- Leandro Herrero - https://leandroherrero.com -

Tribes in the organization: seeing the world in segments, one character at a time (part 1 of 3)

This almost one year old Daily Thought has done the rounds of social media many times over!  I replicate it here partially in this part 1 of 3 to address the topic of ‘seeing’ the characters of the organization. I will refine the list further tomorrow. And will suggest an exercise…

These 8, self-explanatory categories of people are the natural focus of traditional HR and management systems . They are needed for good governance. They all sit in the formal organization, similarly the traditional focus of those HR/management structures.

A list
High/medium/low performer
Talent pool member
Leadership (several layers)
(dis) engaged
New hired
Next generation leaders
Team leader/management position

The next  8 categories are off the radar screen on HR/management in a range that goes from ‘I don’t know what you are talking about’ to ‘I know some of these folks, what am I supposed to do?’ and anything in between including treating them as good/bad anecdotes, necessarily evils, curiosities and ‘ok, good managers know how to deal with them’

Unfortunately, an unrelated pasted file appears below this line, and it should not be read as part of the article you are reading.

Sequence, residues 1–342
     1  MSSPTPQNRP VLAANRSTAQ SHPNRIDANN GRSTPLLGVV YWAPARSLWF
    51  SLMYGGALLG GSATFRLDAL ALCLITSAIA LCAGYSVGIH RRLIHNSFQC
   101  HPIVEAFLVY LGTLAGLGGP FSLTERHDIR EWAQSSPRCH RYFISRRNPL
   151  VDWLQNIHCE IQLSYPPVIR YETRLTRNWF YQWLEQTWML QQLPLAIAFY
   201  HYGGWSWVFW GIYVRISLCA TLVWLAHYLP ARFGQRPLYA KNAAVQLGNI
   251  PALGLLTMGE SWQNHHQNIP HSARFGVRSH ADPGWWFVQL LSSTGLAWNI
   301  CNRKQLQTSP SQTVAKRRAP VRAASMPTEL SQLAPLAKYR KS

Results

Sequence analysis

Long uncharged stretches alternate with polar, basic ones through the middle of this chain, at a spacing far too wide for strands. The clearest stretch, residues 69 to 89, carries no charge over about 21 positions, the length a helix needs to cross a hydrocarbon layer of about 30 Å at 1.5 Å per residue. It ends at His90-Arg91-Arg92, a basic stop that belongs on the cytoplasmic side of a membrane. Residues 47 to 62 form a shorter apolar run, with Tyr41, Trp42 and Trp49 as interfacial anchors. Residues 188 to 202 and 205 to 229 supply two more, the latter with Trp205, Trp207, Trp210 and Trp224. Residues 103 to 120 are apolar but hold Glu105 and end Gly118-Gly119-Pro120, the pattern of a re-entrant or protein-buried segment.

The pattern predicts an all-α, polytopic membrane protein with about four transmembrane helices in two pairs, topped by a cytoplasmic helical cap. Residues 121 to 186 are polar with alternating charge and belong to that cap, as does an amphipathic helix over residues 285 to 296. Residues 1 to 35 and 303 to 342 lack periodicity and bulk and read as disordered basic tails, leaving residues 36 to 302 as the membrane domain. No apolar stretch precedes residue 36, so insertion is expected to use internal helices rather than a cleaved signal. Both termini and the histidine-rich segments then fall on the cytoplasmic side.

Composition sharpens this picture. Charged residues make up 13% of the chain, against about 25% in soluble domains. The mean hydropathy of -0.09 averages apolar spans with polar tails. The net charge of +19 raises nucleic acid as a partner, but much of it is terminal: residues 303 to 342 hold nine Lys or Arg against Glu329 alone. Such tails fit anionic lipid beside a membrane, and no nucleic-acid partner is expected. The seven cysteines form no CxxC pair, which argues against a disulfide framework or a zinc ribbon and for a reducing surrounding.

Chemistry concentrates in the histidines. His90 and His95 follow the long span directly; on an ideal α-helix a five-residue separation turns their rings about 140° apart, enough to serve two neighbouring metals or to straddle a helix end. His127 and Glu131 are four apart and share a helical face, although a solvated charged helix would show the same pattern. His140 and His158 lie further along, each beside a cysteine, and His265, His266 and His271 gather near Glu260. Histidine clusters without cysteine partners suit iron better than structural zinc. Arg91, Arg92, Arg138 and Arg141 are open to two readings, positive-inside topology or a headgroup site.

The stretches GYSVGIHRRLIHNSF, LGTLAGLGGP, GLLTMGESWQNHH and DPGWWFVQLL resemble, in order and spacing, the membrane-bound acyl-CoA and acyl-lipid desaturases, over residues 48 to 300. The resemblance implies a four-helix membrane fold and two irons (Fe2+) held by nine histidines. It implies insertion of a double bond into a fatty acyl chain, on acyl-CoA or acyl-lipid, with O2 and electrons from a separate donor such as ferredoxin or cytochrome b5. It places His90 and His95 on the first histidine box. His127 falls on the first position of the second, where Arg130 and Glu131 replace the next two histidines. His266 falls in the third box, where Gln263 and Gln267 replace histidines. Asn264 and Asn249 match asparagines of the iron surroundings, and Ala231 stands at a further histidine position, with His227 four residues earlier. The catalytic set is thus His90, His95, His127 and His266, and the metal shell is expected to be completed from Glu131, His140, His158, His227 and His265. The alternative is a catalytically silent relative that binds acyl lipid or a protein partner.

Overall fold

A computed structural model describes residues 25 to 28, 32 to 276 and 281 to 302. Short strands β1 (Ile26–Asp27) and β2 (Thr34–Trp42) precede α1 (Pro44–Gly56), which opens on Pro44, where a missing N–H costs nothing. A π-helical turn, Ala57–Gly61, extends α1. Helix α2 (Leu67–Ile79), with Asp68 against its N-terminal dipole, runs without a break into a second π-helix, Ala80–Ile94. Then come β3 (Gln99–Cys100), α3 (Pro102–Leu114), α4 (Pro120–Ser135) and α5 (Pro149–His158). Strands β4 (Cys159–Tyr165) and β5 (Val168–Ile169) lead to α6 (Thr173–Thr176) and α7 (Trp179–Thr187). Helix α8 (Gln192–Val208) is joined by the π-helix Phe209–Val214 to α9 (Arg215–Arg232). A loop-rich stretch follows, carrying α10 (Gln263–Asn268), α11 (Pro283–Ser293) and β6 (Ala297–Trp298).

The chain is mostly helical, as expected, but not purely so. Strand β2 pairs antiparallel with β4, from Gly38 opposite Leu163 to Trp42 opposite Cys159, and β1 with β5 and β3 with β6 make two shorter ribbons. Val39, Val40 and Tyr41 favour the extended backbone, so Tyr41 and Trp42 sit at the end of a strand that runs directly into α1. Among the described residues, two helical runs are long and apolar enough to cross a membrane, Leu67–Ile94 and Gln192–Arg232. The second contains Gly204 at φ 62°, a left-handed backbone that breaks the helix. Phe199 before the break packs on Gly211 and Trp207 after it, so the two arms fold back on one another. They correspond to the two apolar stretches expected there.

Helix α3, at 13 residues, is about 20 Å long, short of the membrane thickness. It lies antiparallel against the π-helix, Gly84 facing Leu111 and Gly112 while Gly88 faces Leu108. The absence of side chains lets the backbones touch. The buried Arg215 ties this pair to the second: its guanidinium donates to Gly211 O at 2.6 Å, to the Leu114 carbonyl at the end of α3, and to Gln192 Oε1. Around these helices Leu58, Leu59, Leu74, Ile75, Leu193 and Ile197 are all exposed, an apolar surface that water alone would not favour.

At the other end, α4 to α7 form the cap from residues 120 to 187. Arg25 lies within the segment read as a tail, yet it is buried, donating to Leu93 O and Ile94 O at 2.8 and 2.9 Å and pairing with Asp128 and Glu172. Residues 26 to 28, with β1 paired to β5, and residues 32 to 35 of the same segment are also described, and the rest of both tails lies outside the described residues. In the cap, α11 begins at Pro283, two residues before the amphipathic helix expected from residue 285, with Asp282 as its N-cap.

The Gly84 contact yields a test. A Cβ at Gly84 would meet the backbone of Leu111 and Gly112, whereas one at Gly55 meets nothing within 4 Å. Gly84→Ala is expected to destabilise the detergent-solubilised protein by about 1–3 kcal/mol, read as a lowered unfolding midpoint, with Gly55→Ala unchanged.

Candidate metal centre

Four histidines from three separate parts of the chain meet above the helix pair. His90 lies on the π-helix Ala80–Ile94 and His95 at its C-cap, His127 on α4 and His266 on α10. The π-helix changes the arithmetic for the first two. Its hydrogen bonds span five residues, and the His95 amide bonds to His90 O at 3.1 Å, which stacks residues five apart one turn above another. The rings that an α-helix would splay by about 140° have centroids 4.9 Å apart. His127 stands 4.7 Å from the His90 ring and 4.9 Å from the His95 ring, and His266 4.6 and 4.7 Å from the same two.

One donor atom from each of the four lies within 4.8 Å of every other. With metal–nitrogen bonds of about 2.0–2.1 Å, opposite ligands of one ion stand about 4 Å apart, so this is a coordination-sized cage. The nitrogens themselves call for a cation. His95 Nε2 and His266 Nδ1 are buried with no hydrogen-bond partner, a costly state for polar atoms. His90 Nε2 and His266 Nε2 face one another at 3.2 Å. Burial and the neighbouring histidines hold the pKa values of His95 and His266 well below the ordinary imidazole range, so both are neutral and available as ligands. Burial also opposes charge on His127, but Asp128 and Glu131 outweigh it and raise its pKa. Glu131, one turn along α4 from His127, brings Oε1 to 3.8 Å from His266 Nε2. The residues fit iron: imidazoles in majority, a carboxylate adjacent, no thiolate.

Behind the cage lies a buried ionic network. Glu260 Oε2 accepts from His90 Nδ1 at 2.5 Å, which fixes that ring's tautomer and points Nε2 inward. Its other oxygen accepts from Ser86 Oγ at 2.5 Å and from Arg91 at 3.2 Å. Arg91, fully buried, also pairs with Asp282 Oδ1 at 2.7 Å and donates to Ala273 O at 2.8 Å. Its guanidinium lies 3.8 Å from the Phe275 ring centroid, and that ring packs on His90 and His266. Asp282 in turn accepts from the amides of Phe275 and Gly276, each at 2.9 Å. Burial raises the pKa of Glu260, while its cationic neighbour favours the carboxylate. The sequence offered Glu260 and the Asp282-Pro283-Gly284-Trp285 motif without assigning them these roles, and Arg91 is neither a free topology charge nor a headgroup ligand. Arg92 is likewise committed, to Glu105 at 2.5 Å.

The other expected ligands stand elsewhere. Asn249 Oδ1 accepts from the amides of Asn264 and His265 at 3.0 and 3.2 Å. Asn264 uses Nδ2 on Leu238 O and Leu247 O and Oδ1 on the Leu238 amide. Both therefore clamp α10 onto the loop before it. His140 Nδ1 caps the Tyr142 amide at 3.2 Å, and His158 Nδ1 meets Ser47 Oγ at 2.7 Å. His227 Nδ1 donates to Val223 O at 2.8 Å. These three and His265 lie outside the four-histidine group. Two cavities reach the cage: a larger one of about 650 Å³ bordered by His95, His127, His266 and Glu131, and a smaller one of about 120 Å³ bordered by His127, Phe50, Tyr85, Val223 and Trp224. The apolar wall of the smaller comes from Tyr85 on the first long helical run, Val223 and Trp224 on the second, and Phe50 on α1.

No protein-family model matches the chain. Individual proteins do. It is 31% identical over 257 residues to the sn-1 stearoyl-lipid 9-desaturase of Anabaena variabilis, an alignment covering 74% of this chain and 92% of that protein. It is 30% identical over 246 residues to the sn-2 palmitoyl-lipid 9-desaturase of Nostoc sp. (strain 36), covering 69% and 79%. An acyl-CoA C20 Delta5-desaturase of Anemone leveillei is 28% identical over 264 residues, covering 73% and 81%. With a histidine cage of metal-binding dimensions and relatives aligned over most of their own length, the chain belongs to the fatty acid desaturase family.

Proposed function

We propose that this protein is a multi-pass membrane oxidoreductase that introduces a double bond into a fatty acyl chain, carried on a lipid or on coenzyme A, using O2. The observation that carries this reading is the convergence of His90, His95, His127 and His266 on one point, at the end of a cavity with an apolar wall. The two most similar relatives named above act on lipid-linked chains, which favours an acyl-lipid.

B list
Mavericks and rebels, even without a cause
Deviants (positive). Do things differently, have another playbook and succeed
GPAs (General Pain in the Back Side; acronym non PC)
Contrarians, because they can
Nonconformists. Good ones, less good ones, but see things through glasses nobody else have
Sceptical for all seasons
Hyper-connected. Good or bad, they spread behaviours, role model at a scale, set mountains on fire and multiply anything they get their hands on.
Hyper-trusted. Multiple reasons, it does not matter which ones.

Neither list is good or bad, they are two categorizations of people. Whilst the A list refers to the visible and formal, and it’s crucial as governance and overall performance management, the B list has the potential to make or brake anything.

Entire cultures are shaped by the B list whilst the A list watches the show almost hopelessly.

An entire HR/OD/culture shaping/company building platform could be set up exclusively on the B list. There are tools and processes and systems to deal with the less powerful A list, but we treat the B list as an Amusement Park.

The B list is the Hard List.

Are you able to identify people, particularly in the B list? Beyond the anecdote? Seriously?

OK, more on this tomorrow with an extended list. Clean your glasses, you need to see it. I will suggest a simple exercise then.